That cat has been in the bag now for awhile. And after breaking it down with my girl Nora, There are various judgments that I have about staying in Mexico vs. going back to and being in the U.S. Various suppositions I have, “shoulds” running around in my head, “rules” of society I feel like I have to (*cough*SHOULD*cough*) go back to the U.S. People (gringos) constantly come and go from Mexico, so there is a revolving door mentality that people in the United States have about us spending time here. This is a place that could never be permanent. This is a place that isn’t the real world. This is a place that isn’t valid. It’s too dangerous. It’s too far. It’s a cop-out. “When are you coming back home?” they ask. “When are you coming back to the real world?” is what they really mean to say. But like, what the hell? This is the real world. To me, this world feels even more real than the one in the United States. This world feels more alive. Warmer. More vibrant and open. It is a world that pushes you to be more open. To enjoy life more. To slow down. Slow waaaaay down. Sometimes I miss the efficiency of the U.S., but then I am reminded that it is colder up there, even if you’re in the Sunshine State of California. People are colder. More distant. More preoccupied with the next step. More preoccupied with with the day to day routine and the hustle and bustle that entails. One could justifiably say that there are more opportunities in the states. I wouldn’t really be able to disagree. But the opportunities are different. But the economy isn’t all that super either right now. Not sayin’ that Mexico’s is better. Don’t get me wrong; I love my motherland for many reasons. I also love Mexico for many, many reasons. In fact, I believe that in a past lifetime, I was Mexican. That’s how connected I feel to this place. And I feel that right now, for Maggie Jane, this is the place where I need to be.

I thought that going back to the states and then traveling was the more courageous thing to do. But I’m realizing that it might be the other way around. They both require courage, but of a different type. The courage for either decision is empowering. But the courage to make the decision to stay here, to go against the grain and really be on my path? Well, that takes confidence, courage, listening to one’s heart.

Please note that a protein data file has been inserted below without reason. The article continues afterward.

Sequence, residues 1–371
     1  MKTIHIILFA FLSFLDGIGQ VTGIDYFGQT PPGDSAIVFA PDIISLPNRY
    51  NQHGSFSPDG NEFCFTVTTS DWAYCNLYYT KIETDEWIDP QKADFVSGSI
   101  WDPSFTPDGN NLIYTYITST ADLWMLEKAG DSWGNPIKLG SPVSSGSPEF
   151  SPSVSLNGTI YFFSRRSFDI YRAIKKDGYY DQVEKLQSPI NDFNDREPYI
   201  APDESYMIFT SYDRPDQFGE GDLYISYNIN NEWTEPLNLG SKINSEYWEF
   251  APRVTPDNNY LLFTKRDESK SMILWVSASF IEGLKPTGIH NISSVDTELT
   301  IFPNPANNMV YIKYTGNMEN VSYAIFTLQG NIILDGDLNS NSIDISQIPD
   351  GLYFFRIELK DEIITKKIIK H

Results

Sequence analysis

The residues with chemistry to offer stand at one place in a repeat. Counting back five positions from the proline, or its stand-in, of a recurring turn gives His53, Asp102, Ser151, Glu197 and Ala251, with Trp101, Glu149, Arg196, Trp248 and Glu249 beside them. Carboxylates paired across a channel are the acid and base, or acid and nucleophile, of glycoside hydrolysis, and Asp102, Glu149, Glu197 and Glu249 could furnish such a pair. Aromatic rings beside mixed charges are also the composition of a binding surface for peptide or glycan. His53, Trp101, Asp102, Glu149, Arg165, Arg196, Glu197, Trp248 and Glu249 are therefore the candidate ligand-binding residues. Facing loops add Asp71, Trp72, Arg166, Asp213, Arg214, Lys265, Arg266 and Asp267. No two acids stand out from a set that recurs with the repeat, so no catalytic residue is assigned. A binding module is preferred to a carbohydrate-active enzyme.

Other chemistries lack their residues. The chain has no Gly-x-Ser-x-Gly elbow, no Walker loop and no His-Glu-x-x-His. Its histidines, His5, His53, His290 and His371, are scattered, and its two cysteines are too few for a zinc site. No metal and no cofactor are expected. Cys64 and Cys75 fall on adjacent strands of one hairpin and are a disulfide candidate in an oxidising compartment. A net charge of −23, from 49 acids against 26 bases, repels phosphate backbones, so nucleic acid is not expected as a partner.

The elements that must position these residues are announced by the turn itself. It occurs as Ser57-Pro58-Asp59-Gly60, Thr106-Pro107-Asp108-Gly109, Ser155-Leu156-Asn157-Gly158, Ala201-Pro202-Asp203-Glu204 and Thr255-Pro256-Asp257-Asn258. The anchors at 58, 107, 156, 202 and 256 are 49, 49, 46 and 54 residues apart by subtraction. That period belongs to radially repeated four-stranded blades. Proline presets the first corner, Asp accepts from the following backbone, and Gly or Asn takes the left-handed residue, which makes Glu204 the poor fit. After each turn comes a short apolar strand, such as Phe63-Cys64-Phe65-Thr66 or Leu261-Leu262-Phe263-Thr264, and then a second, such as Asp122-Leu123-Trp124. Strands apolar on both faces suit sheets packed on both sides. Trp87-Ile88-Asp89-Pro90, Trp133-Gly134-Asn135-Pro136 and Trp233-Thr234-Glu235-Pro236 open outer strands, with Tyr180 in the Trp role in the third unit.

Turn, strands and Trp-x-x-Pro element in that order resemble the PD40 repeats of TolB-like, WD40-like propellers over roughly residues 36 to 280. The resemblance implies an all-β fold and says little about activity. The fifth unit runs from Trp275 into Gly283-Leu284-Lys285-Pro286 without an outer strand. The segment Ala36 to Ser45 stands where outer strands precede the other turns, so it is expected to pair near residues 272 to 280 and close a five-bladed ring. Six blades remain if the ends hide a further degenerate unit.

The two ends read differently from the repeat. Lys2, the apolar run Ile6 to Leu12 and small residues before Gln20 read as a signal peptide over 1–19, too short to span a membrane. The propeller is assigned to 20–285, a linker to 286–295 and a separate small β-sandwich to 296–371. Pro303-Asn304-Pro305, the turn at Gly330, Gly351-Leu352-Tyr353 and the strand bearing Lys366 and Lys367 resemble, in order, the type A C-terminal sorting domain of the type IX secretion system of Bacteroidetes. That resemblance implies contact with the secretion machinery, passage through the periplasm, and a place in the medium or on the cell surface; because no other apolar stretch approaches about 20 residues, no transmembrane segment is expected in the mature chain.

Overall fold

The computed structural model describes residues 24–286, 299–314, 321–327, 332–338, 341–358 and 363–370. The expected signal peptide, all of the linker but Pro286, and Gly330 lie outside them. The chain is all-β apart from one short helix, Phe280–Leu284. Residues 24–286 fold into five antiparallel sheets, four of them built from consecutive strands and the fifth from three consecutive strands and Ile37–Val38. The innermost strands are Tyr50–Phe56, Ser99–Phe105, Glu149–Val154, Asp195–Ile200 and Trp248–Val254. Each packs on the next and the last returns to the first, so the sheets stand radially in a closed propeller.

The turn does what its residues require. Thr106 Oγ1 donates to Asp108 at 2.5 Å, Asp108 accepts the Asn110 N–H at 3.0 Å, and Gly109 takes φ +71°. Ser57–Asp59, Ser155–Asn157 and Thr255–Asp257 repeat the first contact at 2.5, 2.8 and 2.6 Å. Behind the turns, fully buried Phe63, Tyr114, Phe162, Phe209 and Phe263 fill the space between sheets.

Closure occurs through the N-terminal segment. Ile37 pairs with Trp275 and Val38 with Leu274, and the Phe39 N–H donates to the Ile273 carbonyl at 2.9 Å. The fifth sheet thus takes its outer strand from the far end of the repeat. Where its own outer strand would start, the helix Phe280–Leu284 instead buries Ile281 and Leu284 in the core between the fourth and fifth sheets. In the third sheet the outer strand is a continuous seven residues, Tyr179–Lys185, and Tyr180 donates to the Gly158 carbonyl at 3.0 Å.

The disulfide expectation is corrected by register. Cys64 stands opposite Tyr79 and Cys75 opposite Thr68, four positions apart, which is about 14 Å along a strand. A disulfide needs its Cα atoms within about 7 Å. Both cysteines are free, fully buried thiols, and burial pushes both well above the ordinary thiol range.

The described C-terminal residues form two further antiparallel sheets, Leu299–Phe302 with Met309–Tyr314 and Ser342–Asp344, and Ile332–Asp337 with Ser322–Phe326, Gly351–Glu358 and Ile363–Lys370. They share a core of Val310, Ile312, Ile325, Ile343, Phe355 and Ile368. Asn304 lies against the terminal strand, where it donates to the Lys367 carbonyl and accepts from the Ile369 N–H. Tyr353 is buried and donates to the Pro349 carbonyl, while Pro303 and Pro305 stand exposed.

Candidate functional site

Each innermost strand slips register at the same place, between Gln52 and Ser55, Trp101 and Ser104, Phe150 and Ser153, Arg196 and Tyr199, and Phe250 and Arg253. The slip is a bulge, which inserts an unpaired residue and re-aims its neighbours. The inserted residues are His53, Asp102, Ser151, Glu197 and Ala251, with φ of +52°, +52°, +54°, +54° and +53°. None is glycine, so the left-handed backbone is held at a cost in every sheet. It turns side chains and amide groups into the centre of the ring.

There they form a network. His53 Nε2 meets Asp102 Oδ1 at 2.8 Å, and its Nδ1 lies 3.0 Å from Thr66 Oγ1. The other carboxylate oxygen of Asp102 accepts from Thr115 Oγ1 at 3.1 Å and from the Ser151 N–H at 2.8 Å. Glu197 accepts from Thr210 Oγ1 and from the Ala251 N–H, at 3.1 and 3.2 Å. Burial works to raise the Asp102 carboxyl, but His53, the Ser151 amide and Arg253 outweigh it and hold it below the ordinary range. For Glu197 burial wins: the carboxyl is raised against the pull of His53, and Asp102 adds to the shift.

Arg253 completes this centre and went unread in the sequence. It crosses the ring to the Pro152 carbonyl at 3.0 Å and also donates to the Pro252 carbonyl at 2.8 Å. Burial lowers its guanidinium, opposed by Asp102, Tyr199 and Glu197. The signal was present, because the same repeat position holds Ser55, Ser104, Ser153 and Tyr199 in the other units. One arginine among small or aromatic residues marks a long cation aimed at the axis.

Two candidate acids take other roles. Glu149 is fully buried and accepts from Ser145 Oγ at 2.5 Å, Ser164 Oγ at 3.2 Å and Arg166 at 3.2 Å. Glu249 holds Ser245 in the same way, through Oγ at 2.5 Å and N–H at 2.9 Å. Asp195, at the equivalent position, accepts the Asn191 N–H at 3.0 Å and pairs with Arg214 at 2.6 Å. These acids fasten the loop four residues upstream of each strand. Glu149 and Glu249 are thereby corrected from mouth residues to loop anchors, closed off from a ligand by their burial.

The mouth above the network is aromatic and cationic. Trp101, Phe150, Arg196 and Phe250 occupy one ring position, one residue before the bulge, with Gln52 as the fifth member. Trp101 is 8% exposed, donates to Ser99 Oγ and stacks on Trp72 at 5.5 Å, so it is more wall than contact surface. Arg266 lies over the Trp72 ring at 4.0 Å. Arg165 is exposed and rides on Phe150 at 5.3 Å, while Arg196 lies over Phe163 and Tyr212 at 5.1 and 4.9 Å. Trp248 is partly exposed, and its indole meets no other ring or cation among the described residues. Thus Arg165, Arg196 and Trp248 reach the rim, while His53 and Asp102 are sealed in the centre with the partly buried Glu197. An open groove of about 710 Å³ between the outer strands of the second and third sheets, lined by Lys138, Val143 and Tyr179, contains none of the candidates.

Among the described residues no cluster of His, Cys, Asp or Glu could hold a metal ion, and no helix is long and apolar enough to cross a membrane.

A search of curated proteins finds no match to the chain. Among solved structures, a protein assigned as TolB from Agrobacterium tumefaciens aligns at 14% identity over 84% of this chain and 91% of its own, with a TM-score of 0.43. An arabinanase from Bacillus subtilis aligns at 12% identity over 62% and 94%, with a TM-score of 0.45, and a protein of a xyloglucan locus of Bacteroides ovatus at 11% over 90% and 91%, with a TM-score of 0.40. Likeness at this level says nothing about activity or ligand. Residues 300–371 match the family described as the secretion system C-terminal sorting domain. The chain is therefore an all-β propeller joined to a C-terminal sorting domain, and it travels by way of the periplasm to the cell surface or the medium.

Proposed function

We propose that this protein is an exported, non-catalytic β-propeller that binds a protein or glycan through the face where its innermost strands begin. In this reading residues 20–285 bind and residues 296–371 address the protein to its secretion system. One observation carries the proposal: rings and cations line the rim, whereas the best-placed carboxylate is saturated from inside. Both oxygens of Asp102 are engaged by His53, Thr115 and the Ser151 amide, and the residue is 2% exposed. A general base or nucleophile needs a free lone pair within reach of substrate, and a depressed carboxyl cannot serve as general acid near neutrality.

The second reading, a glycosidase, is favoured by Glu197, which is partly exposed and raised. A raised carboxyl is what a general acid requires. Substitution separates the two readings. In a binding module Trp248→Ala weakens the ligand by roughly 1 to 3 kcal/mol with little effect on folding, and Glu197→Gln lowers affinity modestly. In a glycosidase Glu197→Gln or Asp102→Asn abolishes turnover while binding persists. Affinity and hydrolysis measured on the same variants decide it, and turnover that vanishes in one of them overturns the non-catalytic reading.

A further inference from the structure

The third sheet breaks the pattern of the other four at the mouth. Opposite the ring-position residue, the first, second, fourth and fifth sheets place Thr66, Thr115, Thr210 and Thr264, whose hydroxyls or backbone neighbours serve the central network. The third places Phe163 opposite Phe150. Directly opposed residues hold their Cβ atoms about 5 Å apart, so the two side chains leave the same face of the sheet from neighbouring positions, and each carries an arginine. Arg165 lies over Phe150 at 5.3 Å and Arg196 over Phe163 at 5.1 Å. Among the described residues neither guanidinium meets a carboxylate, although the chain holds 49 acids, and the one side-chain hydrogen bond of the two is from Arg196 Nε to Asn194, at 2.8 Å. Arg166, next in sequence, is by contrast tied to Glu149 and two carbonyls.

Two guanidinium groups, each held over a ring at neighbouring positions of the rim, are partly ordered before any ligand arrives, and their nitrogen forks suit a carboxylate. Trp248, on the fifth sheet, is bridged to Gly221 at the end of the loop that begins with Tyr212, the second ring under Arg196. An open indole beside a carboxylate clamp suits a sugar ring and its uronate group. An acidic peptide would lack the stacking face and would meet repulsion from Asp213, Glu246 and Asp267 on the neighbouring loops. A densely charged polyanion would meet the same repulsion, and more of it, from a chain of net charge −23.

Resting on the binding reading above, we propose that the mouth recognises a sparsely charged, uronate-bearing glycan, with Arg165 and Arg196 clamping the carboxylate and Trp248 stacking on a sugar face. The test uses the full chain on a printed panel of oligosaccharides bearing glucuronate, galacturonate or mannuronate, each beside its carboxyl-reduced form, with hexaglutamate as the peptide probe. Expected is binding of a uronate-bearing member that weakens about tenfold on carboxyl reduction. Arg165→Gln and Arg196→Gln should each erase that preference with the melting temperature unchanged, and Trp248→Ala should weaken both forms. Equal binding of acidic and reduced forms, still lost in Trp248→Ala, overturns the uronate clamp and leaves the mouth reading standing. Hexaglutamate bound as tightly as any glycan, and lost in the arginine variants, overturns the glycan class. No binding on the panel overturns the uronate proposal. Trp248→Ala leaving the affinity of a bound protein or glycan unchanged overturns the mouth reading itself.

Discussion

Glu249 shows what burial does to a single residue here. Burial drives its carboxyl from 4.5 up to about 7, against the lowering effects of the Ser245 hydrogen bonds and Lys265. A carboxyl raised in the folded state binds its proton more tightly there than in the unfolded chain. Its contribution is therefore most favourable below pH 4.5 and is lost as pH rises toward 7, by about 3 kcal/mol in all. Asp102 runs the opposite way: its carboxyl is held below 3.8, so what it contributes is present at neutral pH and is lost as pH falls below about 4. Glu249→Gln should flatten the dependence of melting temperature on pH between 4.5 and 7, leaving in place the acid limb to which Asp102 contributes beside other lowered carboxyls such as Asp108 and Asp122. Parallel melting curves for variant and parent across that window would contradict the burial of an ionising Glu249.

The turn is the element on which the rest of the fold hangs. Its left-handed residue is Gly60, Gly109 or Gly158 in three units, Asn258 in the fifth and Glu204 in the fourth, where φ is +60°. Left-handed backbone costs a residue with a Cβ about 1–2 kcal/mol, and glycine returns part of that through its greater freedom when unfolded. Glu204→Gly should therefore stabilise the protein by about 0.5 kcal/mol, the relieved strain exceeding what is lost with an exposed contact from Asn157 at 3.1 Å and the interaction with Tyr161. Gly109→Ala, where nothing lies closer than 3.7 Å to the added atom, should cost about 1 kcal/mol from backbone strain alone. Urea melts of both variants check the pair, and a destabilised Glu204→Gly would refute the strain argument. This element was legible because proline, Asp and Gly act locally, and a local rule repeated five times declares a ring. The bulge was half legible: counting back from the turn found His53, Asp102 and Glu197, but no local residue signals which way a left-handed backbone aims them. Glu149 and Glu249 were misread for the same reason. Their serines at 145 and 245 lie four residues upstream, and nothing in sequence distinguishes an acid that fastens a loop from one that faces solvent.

So, I’m really quite positive that I am going to stay here. I have until Monday to make my decision, but now that I’ve felt like I’ve come close to making one and like I’ve basically already made my decision, I feel so much more at peace, at ease. The thing is, nothing is permanent. I can leave in January if I want to leave in January. I can stay for 10 years if I want to stay for 10 years. I can change my mind. I am allowed to. I just want to follow my bliss. And right now, at least for these upcoming months, my bliss tells me that it’s here in Cuernavaca where I am supposed to be.

So, boom. The cat is out of the bag. And that is where it just might stay.

*

“Your journey has molded you for your greater good, and it was exactly what you needed it to be. Don’t think that you’re lost time. It took each and every situation to bring you to right now. And now is right on time.” Asha Tyson

Voldemort Part II: the “Goodbye”s Begin

Feliz Viaje

I believe in proper greetings and proper goodbyes. They are a respect, an honor and a recognition of the people that you are with. They coincide with proper beginnings and endings of cycles, although beginnings and endings tend to mesh together rather than being black and white apart. I’m at the ending of a cycle, a period in my life of intense self-exploration and discovery here in Mexico; and I’ve had to start to say my goodbyes.